Beneath its facade of unassailable erudition, David Wallace-Wells’s article on Lewis Hyde ["The Pirate’s Prophet," Nov. 15] bears all the markings of that most unserious of critical genres: the hit piece that doesn’t even bother to get its facts right. Wallace-Wells seems determined to portray Hyde—erroneously, sneeringly—as some starry-eyed Romantic, and he isn’t above misrepresenting the evidence to achieve his ends.
As the author of a profile of Hyde on whose reporting Wallace-Wells sometimes relies, I feel a duty to point out one particularly egregious misrepresentation. Wallace-Wells writes that Hyde’s new book, Common as Air, "peddles an attractive but confected fantasy" about the pre-modern English agrarian commons. To support this claim, he cites "what the historian Jackson Lears has called Hyde’s ‘prelapsarian vision,’ one that is ‘common to some Marxists, most romantics and all Christian nationalists: Once upon a time, people lived in harmony with their world and one another; then they fell from grace—prodded by capitalism, scientific rationality or original sin.’"
These remarks by Lears appeared in a 1983 Nation review of Hyde’s landmark book The Gift; they follow Lears’s summary of a chapter in it devoted to a history of usury. Lears’s remarks read: "Summarized quickly, this view of history seems threadbare. It is a prelapsarian vision common to some Marxists, [etc.]… The nostalgia pervading this view makes it an easy target for the slings and arrows of historians, but Hyde sidesteps the volleys. He is well aware of the corruption and cruelty of medieval Christianity, the vicious anti-Semitism that sometimes powered the opposition to usury, the oppressive restraints of tribal community." Lears’s point is precisely that The Gift does not join in this widespread "prelapsarian vision." Wallace-Wells is a takedown artist, but takedown is an exacting business, and honesty and accuracy are its prerequisites.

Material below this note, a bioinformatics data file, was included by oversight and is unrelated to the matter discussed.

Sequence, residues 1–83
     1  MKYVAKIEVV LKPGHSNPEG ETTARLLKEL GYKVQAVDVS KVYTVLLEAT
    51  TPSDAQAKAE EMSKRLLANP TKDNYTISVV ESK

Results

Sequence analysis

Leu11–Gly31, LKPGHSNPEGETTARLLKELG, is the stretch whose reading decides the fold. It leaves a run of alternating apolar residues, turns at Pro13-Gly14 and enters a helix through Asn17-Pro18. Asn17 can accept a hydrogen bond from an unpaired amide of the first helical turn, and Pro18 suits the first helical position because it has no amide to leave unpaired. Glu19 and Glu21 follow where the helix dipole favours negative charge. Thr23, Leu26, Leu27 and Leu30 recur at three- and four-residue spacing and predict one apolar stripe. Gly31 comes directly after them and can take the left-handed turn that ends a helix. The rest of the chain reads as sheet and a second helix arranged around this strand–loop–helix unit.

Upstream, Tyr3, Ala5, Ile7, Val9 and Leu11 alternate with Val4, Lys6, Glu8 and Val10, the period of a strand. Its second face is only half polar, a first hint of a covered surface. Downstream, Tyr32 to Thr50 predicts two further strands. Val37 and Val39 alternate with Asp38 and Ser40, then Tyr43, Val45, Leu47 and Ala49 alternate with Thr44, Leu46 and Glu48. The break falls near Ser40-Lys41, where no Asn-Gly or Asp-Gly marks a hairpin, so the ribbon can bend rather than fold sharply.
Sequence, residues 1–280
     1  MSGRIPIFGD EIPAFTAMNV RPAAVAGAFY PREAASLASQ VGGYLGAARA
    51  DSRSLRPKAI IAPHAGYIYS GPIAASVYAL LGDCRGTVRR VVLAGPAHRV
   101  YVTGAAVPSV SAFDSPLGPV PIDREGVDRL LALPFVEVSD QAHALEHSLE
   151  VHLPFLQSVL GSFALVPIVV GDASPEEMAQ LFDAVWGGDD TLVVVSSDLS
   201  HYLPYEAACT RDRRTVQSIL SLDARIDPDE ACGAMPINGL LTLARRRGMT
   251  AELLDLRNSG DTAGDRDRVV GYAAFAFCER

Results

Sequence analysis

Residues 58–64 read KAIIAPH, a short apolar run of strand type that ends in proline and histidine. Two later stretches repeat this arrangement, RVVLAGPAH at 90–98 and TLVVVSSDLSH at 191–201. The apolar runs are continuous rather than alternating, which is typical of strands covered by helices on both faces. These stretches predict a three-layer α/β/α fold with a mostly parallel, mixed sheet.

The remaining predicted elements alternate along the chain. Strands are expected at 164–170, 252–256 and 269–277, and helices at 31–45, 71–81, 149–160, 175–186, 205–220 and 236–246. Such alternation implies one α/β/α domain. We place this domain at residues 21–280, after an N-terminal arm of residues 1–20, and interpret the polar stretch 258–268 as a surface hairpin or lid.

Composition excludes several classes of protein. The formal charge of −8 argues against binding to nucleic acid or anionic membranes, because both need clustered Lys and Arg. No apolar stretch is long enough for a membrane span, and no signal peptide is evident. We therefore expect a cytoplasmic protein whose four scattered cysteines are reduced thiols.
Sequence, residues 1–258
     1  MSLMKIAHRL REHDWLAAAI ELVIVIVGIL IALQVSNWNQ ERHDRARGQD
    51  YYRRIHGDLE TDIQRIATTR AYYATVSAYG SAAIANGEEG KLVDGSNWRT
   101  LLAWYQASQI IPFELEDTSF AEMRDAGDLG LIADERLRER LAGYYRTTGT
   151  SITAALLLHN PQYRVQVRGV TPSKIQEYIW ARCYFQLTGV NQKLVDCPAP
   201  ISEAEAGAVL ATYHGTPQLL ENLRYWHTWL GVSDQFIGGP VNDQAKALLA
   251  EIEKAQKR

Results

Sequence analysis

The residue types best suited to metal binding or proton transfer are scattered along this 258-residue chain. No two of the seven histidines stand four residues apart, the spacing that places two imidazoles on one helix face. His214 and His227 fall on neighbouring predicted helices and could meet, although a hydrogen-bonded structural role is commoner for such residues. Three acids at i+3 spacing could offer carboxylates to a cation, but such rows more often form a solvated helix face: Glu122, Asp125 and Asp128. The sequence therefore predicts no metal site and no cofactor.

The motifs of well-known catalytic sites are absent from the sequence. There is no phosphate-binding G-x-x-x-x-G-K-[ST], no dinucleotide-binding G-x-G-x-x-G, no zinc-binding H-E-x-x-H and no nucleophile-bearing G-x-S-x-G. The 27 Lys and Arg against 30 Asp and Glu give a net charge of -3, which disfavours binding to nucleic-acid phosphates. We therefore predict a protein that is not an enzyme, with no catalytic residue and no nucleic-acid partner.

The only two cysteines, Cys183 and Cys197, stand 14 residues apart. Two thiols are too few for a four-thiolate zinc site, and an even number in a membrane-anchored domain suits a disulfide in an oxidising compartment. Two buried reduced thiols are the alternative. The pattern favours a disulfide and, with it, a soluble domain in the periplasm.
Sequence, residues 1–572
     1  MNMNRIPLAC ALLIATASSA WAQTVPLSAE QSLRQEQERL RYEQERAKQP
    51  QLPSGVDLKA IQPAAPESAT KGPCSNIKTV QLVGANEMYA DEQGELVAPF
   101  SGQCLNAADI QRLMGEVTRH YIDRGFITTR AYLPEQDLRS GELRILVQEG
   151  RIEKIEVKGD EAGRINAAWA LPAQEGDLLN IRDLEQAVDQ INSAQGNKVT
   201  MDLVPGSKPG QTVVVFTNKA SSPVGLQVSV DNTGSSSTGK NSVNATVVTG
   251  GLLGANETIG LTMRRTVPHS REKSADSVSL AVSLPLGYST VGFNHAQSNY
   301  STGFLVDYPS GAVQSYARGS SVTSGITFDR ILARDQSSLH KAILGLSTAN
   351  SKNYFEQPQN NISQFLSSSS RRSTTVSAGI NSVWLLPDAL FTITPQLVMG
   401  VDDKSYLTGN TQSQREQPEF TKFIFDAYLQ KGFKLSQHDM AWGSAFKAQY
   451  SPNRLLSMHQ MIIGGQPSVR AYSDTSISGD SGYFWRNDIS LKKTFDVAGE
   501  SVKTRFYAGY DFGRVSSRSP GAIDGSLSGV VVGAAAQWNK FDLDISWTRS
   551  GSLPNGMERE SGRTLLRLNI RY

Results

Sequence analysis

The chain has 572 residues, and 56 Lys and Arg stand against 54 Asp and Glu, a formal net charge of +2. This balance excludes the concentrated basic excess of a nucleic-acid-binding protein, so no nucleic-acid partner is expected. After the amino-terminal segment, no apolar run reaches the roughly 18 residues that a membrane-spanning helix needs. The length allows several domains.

DANIEL B. SMITH
It was dismaying to find Lewis Hyde lumped in with copyleft extremists in David Wallace-Wells’s review of Common as Air. Hyde’s discussion of the founders’ debates about what rights in literary property the government should grant makes a refreshing change from contemporary "copyright wars" rhetoric imbued with a strain of cheap moralism in which Wallace-Wells participates.
Hyde points out that the founders sought pragmatic policies that could encourage the making and circulation of culture, always bearing in mind the social costs of monopoly. Wallace-Wells appears commendably interested in keeping culture lively, underneath all that hectic flourishing of his liberal arts education. But while noting grudgingly that Hyde doesn’t "denounce copyright writ broadly or…advocate for the abolition of intellectual property entirely," he charges that "these gestures are accommodationist rather than principled" and urges readers to explore fair use within copyright as an alternative to rejectionism. Hyde has done just that, as an active contributor to three projects to create codes of best practices in fair use that we run at American University (centerfor socialmedia.org/fair-use), for online video creators, media literacy teachers and poets (the last one is forthcoming).